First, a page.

Building a holistic go-to-market strategy with your ICP at the forefront

Chapter 2

6 minutes

Building a holistic go-to-market strategy with your ICP at the forefront

“Hey, what’s the latest on our TOFU efforts? Where can I find a report to see how many MQLs, SQLs, and SAOs we’ve generated in Q2?”

Does any of that sound familiar? Marketers love acronyms, often speaking in what sometimes seems like a completely different language.

In this chapter, we’ll discuss some commonly used acronyms, including total addressable market (TAM), serviceable available market (SAM), serviceable obtainable market (SOM), ideal customer profile (ICP), and personas (yes, this one isn’t an acronym). While often confusing, understanding these concepts is essential in scaling your business. Skipping these foundational steps means you may enter a market that isn’t viable long-term, lose key investors, or contribute to employee burnout by focusing on the wrong targets.

Let’s break down TAM, SAM, SOM, ICP, and personas and how, together, they help you form a complete go-to-market strategy.


Try saying that ten times fast.

Before diving into your ICP, it’s essential to understand the broader market landscape. Total addressable market (TAM), serviceable available market (SAM), and serviceable obtainable market (SOM) are all used to describe the market in which your organization operates. When building and scaling your business, quantifying TAM, SAM, and SOM is critical to choosing the right markets to drive revenue for your brand.


Total Addressable Market

If you think of your go-to-market strategy as an onion, the first layer is your total addressable market, or TAM. Your TAM represents the total market possible for your product or service and estimates the market’s revenue potential.

TAM graphic

To calculate your TAM, take the number of potential customers and multiply that by your ACV (annual contract value).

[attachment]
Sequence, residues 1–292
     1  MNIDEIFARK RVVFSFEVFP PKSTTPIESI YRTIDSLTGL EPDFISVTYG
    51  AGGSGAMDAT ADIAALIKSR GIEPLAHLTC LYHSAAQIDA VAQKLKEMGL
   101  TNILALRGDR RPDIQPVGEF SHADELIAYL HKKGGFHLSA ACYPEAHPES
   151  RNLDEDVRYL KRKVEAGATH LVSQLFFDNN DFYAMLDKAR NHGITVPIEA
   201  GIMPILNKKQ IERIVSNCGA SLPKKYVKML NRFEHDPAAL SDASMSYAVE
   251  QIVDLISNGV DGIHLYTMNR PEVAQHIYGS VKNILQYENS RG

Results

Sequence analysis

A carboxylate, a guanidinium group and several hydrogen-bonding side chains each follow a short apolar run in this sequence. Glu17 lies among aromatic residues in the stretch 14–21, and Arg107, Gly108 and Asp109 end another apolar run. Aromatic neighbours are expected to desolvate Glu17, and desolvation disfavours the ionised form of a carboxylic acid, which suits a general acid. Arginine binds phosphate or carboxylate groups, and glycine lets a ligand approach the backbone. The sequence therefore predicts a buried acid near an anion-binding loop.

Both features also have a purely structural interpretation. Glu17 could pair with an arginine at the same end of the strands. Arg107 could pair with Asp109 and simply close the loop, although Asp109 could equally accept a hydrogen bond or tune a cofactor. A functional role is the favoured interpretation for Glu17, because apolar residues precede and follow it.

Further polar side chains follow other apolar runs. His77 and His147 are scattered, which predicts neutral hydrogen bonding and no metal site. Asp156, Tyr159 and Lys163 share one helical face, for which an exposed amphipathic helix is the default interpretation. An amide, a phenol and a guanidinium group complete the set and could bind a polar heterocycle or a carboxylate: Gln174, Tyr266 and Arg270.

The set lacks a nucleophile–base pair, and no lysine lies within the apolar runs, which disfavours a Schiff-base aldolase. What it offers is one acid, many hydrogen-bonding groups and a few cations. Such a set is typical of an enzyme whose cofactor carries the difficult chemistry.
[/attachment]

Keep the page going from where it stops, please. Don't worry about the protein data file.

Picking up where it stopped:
For example, imagine you sell software to ecommerce brands. If there are 1,500 ecommerce brands in the world (for the sake of this example) and your annual contract value is $20,000, the market potential would be $30 million.

TAM = total # of potential customers x ACV

Serviceable Available Market

The next layer of the onion is your serviceable available market (SAM). This is the portion of your market you can acquire based on your business model. For example, your business model may not support certain geographies, so your SAM serves as a subset of your TAM. To calculate your SAM, multiply your target segment of your TAM by your annual contract value.

Referring to the example above, let’s say out of the 1,500 ecommerce brands in the world, your business can only service a certain geographic location, which brings the number down to 1,000 ecommerce brands. At the same ACV of $20,000, your Serviceable Available Market would be $20 million.

SAM = target segment of TAM x ACV

Serviceable Obtainable Market

Pulling back the onion another layer brings us to your serviceable obtainable market (SOM), which identifies how many customers would realistically buy your product or service. Even though you could hypothetically service 1,000 ecommerce brands, it’s unlikely all will become customers. Some of those brands may choose to go with a competitor, build their own solution in-house, or do nothing.

To calculate your SOM, multiply last year’s market share (calculated by dividing your previous year’s revenue by your previous year’s SAM) by this year’s SAM. For example, if last year’s revenue was $4 million, last year’s SAM was $20 million, and this year’s SAM is $25 million, your SOM would be $5 million. This calculation helps determine short-term growth targets.